Lumps and Bumps on your pet
Almost everyone who has an older pet has encountered some abnormal lumps and bumps that have come up on various places on and under the skin. Some of these can be considered “benign” (masses that grow very slowly or not at all and do not spread to other locations) while other may be more “malignant” (masses that grow rapidly and can have a higher tendency to spread to other locations). The problem for owners is deciding which are more serious and which are not. In this discussion I will outline some of the characteristics of the different kinds of masses, diagnostic testing and treatment options and recommendations.
This is a relatively simple process but one that we often forget to perform. Essentially, run your hands over your pet working systematically from the head to the tail, but covering all surfaces (including the legs and paws). Every pet over the age of 8 years should get this done once a month or at least once per season. Remember you are looking for lumps both on the surface and underneath to skin. If you can’t tell if something might be normal, remember symmetry – if the pet has an identical swelling on the opposite side then it may be normal anatomy. Do not be fooled by nipples – male cats and dogs have eight, just like the females, and then there are the lymph nodes.
Fine Needle Aspiration
This is a relatively simple test that can be done during an appointment or on an outpatient basis. Essentially, it’s like the reverse of getting an injection. We put a needle into the mass or area of suspicion, and pull back on the attached syringe. We then spray the contents of the needle onto a slide and evaluate the slide in-house and/or send it off for cytology with the laboratory.
Lymph nodes are part of all of our normal anatomy. These are the glands that swell up under your jaw when you have a throat infection. They are located symmetrically at points of drainage for all parts of the body. These include under the jaw, in front of the shoulders, in the armpits, in the groin and behind the knees (called stifles in dogs and cats). They will respond to infection by swelling to produce antibodies (known as a reactive lymph node). They can also swell when there is a cancer known as lymphoma. Infections are common, lymphoma much less so. However, if a lymph node is excessively large or has remained swollen for an extended period or the pet is lethargic then testing is indicated. On fine needle aspiration, reactive lymph nodes give us a characteristic mix of inflammatory cells while lymphoma gives us mostly large abnormal lymph cells.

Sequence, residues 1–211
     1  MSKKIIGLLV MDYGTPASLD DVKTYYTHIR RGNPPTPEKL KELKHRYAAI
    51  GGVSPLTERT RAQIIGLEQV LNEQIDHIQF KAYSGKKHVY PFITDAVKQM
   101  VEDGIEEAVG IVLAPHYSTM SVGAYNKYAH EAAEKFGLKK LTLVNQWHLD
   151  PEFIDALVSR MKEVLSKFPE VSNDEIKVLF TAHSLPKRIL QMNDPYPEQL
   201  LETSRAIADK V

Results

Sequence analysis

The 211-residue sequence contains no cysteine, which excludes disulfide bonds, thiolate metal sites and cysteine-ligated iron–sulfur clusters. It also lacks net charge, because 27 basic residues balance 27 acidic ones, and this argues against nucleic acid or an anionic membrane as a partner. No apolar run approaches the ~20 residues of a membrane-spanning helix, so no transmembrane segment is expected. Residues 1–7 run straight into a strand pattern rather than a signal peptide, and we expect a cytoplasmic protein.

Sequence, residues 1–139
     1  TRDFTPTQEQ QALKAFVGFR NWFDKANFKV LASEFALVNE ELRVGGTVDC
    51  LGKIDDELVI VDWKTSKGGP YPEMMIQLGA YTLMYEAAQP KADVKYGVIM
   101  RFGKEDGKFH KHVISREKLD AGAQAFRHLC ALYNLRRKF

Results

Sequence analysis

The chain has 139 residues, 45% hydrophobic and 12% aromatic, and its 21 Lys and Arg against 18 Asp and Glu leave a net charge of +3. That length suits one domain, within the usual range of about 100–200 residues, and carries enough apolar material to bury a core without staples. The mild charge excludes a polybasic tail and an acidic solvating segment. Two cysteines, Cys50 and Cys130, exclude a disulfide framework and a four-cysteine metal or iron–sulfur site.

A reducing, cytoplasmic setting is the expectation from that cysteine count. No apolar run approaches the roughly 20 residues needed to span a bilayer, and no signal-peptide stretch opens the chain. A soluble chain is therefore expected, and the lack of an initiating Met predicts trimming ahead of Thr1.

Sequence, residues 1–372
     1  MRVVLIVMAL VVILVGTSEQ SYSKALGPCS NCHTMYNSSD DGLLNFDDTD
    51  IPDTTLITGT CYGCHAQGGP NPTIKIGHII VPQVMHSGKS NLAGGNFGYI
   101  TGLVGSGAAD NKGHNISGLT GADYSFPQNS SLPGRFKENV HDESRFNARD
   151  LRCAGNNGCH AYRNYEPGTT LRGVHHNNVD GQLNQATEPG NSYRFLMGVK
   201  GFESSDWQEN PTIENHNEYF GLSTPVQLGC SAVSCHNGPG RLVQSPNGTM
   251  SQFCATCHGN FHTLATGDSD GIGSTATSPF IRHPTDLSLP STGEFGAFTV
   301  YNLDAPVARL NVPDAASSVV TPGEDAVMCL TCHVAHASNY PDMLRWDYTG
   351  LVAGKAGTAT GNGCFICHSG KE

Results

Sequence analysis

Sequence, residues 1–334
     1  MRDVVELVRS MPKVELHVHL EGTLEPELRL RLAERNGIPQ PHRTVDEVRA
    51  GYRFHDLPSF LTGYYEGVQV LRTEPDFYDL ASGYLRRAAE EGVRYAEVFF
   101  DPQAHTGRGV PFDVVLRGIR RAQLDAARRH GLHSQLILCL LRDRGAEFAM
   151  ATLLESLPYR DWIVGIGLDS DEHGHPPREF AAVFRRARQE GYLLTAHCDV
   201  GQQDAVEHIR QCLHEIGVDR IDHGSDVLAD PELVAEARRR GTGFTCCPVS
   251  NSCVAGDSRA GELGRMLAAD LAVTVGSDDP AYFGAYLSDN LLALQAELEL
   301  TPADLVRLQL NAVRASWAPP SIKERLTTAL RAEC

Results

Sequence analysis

This is generally what we want all masses to be because they are benign – they are usually tiny glands in the skin that normally produce oils and other compounds that become blocked and swell. A cat or dog may have one of these that remains in the dermis but never grows and remains static for years. Occasionally one can grow and become painful, and then surgery can be warranted. This gives rise to the common dilemma of all masses: do we surgically remove them or observe them. All masses are much easier to remove when they are small, and the older an animal gets, the less we like to put an animal under anesthesia. At this point the art of medicine comes into play – we look at the size, nature, location and history of the cyst as well as the pet’s condition and try to come to decision of the risk to benefit ratio. On fine needle aspiration, we see fluid and skin cells or occasionally a sludgy material.